Explorers reached bottom of mysterious Labynkyr Lake in Siberia

russian-explorers-dived-into-remote-labynkyr-lake-in-siberia-at-the-coldest-time-of-the-year

Russian explorers dove to the bottom of a remote Labynkyr Lake in the Yakutia region of Siberia, at the coldest time of the year. Outside temperature reached minus 45 degrees Celsius (minus 49 Fahrenheit). The Russian research team — which included divers from the Russian Emergencies Ministry, camera people from the Sakha National Broadcasting Company and scientists from Yakutsk State University — was exploring the lake bottom to gather samples of water, plants and animals. (Watch video)

A world record has been established. For the first time in history, a human being has carried out a dive in the toughest place on earth at the coldest time of the year,” the local Yakutia authorities said in a statement.

The lake is in the region of the Oimyakon village in Yakutia, which is the coldest inhabited place on earth and where temperatures have been known to exceed minus 70 C. The team had gathered unique material about climactic systems in the permafrost region.

Labynkyr – “Russian Loch Ness”

The remote lake is shrouded in mystery largely because of reports of the “Russian Loch Ness” monster-like creature, allegedly witnessed by Soviet-era expedition which claimed to have seen a mysterious animal that some believed to be a relic of the dinosaur era.

There are theories that Labynkyr – which has unusual cracks on its 60 to 80 metre deep floor  – is connected by underwater channels to another lake, Vorota, where monster sightings have also been recorded, including by respected Soviet geologist Viktor Tverdokhlebov, an academician not given to hyperbole.

Lyudmila Emeliyanova, Moscow State University Associate Professor of Biogeography, revealed that she recorded ‘several seriously big underwater objects’ with sonar readings on her own scientific mission to Labynkyr Lake.  Sonar data recorded 7 meter long “creature”. In 2006 researchers using  a Humminbird Piranha MAX 215 Portable fish-finder also claimed to have found something lurking in the lake.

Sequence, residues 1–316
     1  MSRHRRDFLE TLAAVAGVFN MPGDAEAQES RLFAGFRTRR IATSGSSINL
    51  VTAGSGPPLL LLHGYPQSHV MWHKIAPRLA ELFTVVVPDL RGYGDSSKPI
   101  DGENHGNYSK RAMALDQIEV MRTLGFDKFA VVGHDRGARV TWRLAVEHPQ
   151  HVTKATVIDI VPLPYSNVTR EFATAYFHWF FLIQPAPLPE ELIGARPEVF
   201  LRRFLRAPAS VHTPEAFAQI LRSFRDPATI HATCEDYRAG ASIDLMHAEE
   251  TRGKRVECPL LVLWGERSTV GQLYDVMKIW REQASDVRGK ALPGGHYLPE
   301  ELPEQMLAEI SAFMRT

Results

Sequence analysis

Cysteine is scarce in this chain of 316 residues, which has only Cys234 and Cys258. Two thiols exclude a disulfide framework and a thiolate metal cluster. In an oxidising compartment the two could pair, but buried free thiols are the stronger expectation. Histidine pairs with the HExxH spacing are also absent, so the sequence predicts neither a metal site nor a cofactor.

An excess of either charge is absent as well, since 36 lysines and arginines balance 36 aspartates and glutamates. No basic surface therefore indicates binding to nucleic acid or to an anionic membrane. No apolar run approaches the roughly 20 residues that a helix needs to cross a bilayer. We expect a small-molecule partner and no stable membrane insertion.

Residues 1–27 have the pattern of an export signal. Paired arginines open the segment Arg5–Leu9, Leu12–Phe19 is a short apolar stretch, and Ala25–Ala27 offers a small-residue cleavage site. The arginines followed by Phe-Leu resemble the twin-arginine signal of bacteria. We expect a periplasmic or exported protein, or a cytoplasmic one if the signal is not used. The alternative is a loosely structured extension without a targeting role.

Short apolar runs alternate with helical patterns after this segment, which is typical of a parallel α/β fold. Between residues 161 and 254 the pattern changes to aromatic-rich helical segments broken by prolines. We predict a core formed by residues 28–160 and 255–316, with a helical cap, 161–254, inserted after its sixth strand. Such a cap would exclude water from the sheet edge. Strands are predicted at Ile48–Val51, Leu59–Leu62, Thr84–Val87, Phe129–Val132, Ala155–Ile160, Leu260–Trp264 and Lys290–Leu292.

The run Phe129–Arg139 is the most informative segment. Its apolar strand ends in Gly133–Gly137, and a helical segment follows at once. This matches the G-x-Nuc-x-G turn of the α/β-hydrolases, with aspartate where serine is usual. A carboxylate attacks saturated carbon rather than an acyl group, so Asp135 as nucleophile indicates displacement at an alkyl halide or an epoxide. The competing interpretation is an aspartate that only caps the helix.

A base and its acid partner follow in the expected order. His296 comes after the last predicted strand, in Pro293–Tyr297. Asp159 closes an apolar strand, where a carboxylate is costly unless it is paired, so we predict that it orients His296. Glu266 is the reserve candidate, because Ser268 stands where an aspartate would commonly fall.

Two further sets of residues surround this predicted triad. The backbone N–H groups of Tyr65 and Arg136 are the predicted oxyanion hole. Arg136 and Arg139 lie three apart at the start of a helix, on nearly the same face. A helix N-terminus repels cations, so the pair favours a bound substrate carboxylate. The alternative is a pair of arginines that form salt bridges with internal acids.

Accounts of strange creatures in the lake have been passed down from generation to generation. And locals are telling the stories of mysterious waves and lifts up of fishing boats.

Image of alleged Labynky lake monster (Credit: Siberian Times)

 

In a book Trip to the Cold Pole by Gennady Borodulin there is a tale from Labynkyr in the 1920s.

“An Evenk family of nomads followed their reindeer and reached the shore of Lake Labynkyr. They decided to stay overnight on the shore. A five-year old child went to the bank of a stream which led into the lake while adults were busy. Suddenly the adults heard the boy screaming.

The father and grandfather rushed to the bank. They stopped on the edge of water and saw the child being carried away by an unknown animal to the centre of the lake. It was a dark creature, with a mouth looking like bird’s beak. It held the child and moved away with quick rushes, then it dived leaving huge waves and dragged the child under the water.

The granddad swore to revenge the ‘devil. He took a sack made of animal skin, stuffed it with reindeer fur, rags, dry grass and pine trees needles, put a smouldering piece of wood inside. He attached the sack to a huge stone on shore with a rope and then threw the sack far into the waters of the lake.

At night there was noise and splashes and terrible screams of the ‘devil’.  In the morning the waves brought the huge dead animal, about seven meters long with a huge jaw, almost one-third size of the body, and relatively small legs and fins.

The old man cut the animal’s stomach, took out the body of his grandson, and buried him on the bank of the stream. Since then this stream is called ‘The Stream of a Child’.

 

Shores of Lake Labynkyr (Credit: Andrei Emelyanov)

 

Freshwater Labynkyr, some 5,000 km east of Moscow, is mysterious for another reason, too. Located nearly 60 kilometres from the coldest inhabited place on Earth – Oymyakon, the lake does not freeze over completely in winter like all lakes in the region. Never. It maintains a near-constant surface temperature of 2 degrees Celsius.

It also has no plant life. There are 13 fish species in the lake.  They eat one another (but not all of them), however, some would need plants for food, yet these appear to be absent.

Another interesting thing is that distances are hard to measure there.

‘Probably it is diffraction of light but still – I mean when you are sailing in a boat and you clearly see the shore is quite far away, in a minute you all over a sudden get there and hit the ground…. One shore is just drift sands. One of the islands on the lake sometimes is not visible, like a mirage in the desert, it comes and goes. Lyudmila Emelyanova, Moscow State University Associate Professor of Biogeography

According to one theory  – Labynkyr, where much of the rock is volcanic, is warmed slightly from below by a fissure in the Earth’s crust.

In Soviet times and before, the lake was almost inaccessible. Today that is changing. Travel companies in Yakutsk, capital of Yakutia or the Sakha Republic, are already offering private trips to visit the lake, enabling people to carry out their own monster hunts.

Only a fully fledged scientific mission can hope to answer whether the Labynkyr Monster is myth or reality.

 Lake Labynkyr on Google Maps

Sources: Siberian Times, Voice of Russia, LiveScience

Featured image credit: Andrei Emelyanov 

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